Join OUP for a webinar on DEI initiatives for academics and tech transfer managers focused on entrepreneurship and commercialization. You will hear from five leaders in the field discussing programs and initiatives directed at promoting inclusion and dissolving the disparities for underrepresented populations in academic innovation.
Since its inception in 2009, OUP’s mission has been to foster deep partnerships with universities with three goals in mind: 1) to invest in their spinouts, 2) to help improve technology transfer effectiveness, and 3) to help improve research commercialization by connecting university startups to our network for funding and recruitment opportunities. Please join OUP for an upcoming webinar where we dive into specifics around how we work with our academic partners and continually work to achieve our mission.
When a university licenses technology to a startup, a grant of equity is a likely consideration offered by the licensee. To receive the equity, the university will review and negotiate a Stock Purchase Agreement – a legal agreement made between the corporation (startup) and the university that governs the transfer and sale of the corporation’s stock to the university and often related financial terms, which can impact the university’s potential returns.
As 2019 came to a close, Pitchbook presented some deceptive data: VCs had invested a record high $17.2 billion in US-based startups with at least one female founder. While impressive upon first glance, look at these numbers from a different perspective: US-based startups that were founded solely by females only made up 6.7% of all VC deals and 2.7% by total capital invested. These percentages are all-time highs, but still very low compared to their male counterparts. And, what do the numbers look like for female academic founders? What can universities do to foster more female entrepreneurship?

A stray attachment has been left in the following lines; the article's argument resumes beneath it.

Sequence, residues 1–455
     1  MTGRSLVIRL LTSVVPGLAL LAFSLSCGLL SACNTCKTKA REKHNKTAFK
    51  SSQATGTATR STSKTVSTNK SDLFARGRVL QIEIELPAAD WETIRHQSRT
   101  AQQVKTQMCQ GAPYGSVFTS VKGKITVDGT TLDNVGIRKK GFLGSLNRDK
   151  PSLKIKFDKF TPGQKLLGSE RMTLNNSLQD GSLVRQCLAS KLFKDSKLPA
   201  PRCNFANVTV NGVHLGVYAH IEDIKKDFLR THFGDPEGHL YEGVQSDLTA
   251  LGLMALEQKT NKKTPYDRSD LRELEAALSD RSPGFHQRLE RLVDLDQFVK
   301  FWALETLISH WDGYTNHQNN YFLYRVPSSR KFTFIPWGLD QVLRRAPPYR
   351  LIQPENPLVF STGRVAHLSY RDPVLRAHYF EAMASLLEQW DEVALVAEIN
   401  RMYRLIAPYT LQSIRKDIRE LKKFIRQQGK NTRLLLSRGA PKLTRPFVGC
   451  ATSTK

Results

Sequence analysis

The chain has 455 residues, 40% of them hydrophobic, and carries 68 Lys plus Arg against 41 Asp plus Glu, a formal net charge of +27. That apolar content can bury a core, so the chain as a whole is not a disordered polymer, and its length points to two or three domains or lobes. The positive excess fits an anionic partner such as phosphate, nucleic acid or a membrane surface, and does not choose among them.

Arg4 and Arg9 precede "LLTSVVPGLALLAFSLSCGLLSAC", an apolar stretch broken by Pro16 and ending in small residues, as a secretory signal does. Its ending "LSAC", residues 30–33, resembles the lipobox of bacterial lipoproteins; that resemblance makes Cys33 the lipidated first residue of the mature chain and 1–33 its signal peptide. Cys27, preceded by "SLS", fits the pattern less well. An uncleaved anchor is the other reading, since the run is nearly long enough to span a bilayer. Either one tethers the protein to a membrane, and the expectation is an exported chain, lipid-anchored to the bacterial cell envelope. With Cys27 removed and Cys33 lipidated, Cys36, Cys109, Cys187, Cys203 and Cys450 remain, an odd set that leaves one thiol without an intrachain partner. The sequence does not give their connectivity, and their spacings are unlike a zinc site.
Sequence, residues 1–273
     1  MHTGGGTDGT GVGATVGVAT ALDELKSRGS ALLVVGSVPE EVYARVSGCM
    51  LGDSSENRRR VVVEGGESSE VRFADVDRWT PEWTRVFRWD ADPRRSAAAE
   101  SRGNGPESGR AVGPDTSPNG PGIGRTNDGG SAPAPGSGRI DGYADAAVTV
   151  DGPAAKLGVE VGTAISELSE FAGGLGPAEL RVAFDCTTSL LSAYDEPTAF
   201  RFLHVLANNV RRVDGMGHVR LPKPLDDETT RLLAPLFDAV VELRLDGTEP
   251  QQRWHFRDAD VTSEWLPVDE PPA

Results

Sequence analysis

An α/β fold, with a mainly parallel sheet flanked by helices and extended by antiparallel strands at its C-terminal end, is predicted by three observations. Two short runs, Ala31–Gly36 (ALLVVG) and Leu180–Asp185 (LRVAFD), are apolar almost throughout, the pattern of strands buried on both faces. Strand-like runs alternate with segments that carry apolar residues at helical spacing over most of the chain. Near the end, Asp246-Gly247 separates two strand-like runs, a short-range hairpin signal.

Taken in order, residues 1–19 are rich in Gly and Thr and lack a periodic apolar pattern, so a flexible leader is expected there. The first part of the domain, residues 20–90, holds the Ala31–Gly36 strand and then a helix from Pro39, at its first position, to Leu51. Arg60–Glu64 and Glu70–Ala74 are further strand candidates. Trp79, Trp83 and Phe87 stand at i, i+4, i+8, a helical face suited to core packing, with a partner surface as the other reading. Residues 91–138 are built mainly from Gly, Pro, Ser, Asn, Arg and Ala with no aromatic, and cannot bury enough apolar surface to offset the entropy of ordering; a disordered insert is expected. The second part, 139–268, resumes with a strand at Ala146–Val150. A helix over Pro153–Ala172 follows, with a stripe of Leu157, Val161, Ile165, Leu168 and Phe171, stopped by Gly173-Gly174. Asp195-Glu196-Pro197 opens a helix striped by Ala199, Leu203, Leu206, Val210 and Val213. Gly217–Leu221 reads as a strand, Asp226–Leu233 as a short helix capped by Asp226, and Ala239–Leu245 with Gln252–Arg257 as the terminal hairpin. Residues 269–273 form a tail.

Hiring top talent is not impossible for startups, but finding the right talent for university spinouts can be a difficult task. Even university startups ensconced in entrepreneurial rich talent-rich pools such as Boston, the Bay area, and New York struggle to appropriately match talent to attractive management roles.
It’s Spring, which means it is once again time for OUP’s annual financing trends webinar. Which sectors have had the greatest amounts of investment and which are facing funding challenges? How do these trends apply to advancing academic technologies? What does the beginning of 2019 imply for the rest of the year and what lies over the horizon?
Academics looking to maximize the impact of their research shouldn’t consider commercialization a Faustian bargain, trading open publication and monetary returns. Open-source software can be a successful strategy towards both impact and income.
Join David Dorsey and John Lee of Osage University Partners as they discuss why open source provides substantial advantages for software startups and why it has become the de facto method for deploying and commercializing software.
Over the past several years, there’s been a proliferation of universities launching internally-driven accelerator programs, with the goal of providing inventors of early stage technologies an opportunity to develop their startup idea within an academic setting. The core concept behind a university accelerator is to offer funding, mentorship, and other resources to startups sometimes too nascent to attract seasoned talent and institutional funding. But such accelerators require large amounts of capital and an experienced team to administer programming, evaluate startups ideas, allocate funding, and provide company-building services amongst other tasks.
Columbia Technology Ventures (CTV) and venture investors Osage University Partners (OUP) invite you to view a seminar on the following topic: “The behind-the-scenes view on how VCs evaluate potential startup CEOS.”
Drawing from 25 years of venture capital experience, Osage University Partners (OUP) managing partner Marc Singer will take you through the CEO search process, how VCs evaluate potential entrepreneur, and some observations about drivers for long-term success as an entrepreneur. The audience will assess mock candidate profiles and learn methods of diligence to choose the right leader for your startup.
Columbia Technology Ventures (CTV) and venture investors Osage University Partners (OUP) invite you to join a seminar on the following topic: “Understanding the real economics of university startup formation.”
OUP principal John Lee will take you step-by-step through the life of a company, illustrating the different types equity, the pros and cons of each equity type depending on different company outcomes, and the economic effect this has on founders’ shares. Data will be presented to support the conversation around founders’ equity, the right allocation between faculty vs. post docs vs. grad students, and how much equity one needs to give away to attract and keep your top talent.